Traditional Chinese Medicine has Answers for Toothache

July 28, 2017 Updated: July 29, 2017

This is a story told by Dr Hu Naiwen, a traditional Chinese medicine (TCM) doctor. When he was learning acupuncture about 40 years ago, a classmate suddenly said to him one day, “You know, I just learnt a few acupoints, and my toothache is gone!”

The “sanjian” acupoint (Sun Mingguo/The Epoch Times)

The classmate chanced upon a book that said the “sanjian” acupoint treated toothaches, so he applied an acupuncture needle to it. The sanjian acupoint is located along the Large Intestine Meridian, and it happened that the toothache was caused by problems in the Large Intestine Meridian. So, by a stroke of luck, the toothache was cured.

TCM believes that there is a cause for toothaches. If the right causes and meridians are identified, they can be treated.

Toothaches are common, but few people go to TCM doctors for solutions. TCM has a few effective ways of dealing with toothaches.

There are two major types of toothaches. One has to do with the teeth, while the other has to do with the gums.

TCM holds that the teeth are an extension of the bones, and since the kidneys govern the bones, they also govern the teeth. When the kidneys have problems, the teeth have problems, too.

In the case of gum diseases, since the Hand Yang Ming Large Intestine Meridian passes through the lower gum, lower gum problems are related to the large intestine.

Likewise, since the Foot Yang Ming Stomach Meridian passes through the upper gum, upper gum problems are linked to the stomach.

 Strengthen the kidneys to save the teeth

When a tooth becomes loose and its root becomes exposed, it is a sign that the kidneys are weak and overworked.

Soak fructus tribuli (ji li) in water, and it serves as a mouthwash.

Salt enters the kidneys. Rinsing the mouth with halitum (qing yan) helps treat toothaches. Rubbing some on the teeth makes them strong and sturdy. A lot of dental powder on the market contains halitum.

Pepper serves as an anaesthetic. Holding a peppercorn in the mouth with the tooth that is aching numbs the pain.

Chives strengthen the kidneys. Eating chives in the case of a toothache or kidney trouble will help.

For a wind toothache, when a tooth can tolerate cold and heat, drugs that expel the wind should be taken. Take wen feng san (1.)

In the case of a cold toothache, there is no swelling, but the gums are painful. Drinking hot water helps soothe it.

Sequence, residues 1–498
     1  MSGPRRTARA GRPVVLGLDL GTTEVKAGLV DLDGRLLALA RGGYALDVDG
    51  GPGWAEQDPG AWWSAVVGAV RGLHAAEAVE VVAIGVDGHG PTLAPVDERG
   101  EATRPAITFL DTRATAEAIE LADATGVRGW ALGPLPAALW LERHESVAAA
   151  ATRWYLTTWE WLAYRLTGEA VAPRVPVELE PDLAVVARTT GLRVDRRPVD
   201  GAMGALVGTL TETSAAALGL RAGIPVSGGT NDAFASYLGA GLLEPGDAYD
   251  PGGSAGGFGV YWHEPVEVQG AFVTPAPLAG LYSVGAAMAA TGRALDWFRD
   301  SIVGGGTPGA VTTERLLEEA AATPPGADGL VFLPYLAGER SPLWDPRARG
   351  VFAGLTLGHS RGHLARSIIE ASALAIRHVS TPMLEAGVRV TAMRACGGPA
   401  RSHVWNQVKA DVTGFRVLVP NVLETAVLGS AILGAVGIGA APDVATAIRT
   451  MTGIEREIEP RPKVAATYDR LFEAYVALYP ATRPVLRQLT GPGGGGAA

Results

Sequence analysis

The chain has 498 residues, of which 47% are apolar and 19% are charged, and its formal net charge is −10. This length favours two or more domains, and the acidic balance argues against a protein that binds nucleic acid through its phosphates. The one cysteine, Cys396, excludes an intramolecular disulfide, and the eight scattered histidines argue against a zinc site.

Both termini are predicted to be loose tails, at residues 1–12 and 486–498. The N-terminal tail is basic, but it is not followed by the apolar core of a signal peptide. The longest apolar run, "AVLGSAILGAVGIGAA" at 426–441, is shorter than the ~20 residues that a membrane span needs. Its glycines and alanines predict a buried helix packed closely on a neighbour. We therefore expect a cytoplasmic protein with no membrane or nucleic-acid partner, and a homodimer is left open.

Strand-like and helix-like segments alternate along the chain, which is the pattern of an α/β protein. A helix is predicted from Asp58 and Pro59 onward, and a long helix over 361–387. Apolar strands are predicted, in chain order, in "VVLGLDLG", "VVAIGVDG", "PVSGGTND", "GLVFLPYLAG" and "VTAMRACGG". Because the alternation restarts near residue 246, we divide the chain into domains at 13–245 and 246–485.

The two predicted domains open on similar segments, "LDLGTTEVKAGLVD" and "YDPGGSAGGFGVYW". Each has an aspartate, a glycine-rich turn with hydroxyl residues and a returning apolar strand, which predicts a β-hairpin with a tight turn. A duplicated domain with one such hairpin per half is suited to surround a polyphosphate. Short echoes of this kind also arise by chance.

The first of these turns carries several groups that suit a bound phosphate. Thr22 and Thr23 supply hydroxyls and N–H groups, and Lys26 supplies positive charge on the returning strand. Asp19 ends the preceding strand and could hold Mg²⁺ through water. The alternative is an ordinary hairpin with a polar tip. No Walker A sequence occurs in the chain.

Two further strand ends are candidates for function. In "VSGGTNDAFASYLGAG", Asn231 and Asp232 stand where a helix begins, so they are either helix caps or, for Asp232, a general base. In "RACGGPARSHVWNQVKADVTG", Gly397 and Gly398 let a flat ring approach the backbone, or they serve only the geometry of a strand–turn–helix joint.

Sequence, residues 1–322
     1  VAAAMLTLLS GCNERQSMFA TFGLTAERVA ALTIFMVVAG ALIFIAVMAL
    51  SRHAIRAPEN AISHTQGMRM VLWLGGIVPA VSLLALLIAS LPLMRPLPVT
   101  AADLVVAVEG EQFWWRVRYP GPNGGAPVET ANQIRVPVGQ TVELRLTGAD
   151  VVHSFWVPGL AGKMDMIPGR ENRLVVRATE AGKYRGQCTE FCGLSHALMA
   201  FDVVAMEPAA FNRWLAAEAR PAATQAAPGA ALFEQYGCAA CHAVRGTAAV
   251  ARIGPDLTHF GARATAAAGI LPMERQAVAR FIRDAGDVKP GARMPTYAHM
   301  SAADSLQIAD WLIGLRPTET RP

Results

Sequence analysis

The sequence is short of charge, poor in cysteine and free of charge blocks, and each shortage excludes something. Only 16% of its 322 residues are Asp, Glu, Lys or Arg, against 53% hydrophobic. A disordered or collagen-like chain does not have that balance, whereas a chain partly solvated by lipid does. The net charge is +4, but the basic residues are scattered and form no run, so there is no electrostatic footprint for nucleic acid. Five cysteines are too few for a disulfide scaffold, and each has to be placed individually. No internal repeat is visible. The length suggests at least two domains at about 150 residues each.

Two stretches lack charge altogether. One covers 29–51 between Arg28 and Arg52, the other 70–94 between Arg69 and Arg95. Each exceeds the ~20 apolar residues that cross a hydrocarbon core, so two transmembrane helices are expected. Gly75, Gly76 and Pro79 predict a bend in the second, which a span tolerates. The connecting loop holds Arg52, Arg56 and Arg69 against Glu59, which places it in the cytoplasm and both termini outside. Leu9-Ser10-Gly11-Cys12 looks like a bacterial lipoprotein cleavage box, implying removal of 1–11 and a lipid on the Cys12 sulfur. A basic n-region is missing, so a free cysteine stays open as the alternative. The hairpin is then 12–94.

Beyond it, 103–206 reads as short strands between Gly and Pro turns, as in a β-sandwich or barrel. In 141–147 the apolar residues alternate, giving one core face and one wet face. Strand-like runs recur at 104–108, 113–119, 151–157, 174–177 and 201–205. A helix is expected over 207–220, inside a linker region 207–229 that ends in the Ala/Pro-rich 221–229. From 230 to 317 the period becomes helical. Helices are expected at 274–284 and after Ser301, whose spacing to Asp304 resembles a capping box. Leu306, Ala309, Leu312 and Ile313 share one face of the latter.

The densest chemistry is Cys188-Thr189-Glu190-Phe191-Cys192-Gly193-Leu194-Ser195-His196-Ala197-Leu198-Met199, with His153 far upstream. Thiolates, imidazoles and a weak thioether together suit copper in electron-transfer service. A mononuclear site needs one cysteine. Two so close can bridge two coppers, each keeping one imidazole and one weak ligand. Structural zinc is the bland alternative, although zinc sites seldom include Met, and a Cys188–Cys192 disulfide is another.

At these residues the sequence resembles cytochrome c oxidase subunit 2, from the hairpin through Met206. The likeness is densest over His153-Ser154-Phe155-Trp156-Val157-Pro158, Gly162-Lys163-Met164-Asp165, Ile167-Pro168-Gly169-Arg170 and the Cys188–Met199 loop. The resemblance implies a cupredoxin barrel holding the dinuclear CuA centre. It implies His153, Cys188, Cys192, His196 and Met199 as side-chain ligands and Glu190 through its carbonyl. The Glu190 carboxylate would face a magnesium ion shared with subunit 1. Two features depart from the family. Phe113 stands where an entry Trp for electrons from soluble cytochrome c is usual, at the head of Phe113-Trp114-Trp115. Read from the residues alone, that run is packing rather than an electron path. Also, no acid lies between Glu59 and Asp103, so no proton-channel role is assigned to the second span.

Add rhizoma et radix notopterygii (qiang huo), herba ephedrae (ma huang), and radix aconiti praeparata (chuan fu zi) to wen feng san (1.) Use half of it to rinse the mouth, and take the other half orally.

Fire toothaches are mainly caused by heat in the stomach. The gums are swelling, and pain is severe when ingesting extremely hot or cold things. There is slight relief when the temperature is less extreme.

Take drugs that purge the pathogenic fire in the body. Use aloe vera extract as a mouthwash.

Is extraction necessary?

Should the tooth be extracted when there is a toothache? Different doctors hold different views.

After having a few teeth extracted, it dawned on Dr. Hu that if he had not had his first extraction back then, subsequent extractions could have been avoided.

He gave an example. If an upper left back molar is extracted, it will have an impact on the corresponding upper right back molar, resulting in misalignment and tooth decay, since food will be trapped. If this tooth is removed, the corresponding tooth in the lower jaw may become longer, putting pressure on other teeth.

The pain may lead to more extractions. Therefore, Hu suggests saving every tooth with just a filling as far as possible.

Notes: 1 Wen feng san – Composition: dang gui (Chinese angelica root / female ginseng) 6 g, xi xin (herba asari) 4.5 g, chuan xiong (rhizoma chuanxiong) 6 g,bi bo (fructus piperis longi / long pepper) 6 g, gao ben (rhizoma ligustici) 6 g, bai zhi (radix angelicae dahuricae) 6 g, lu feng fang (Polistes mandarinus Saussure / honeycomb) 18 g. Boil in water.

Adaptation from New Tang Dynasty Television programme TCM Past and Present

Edited by Sally Appert.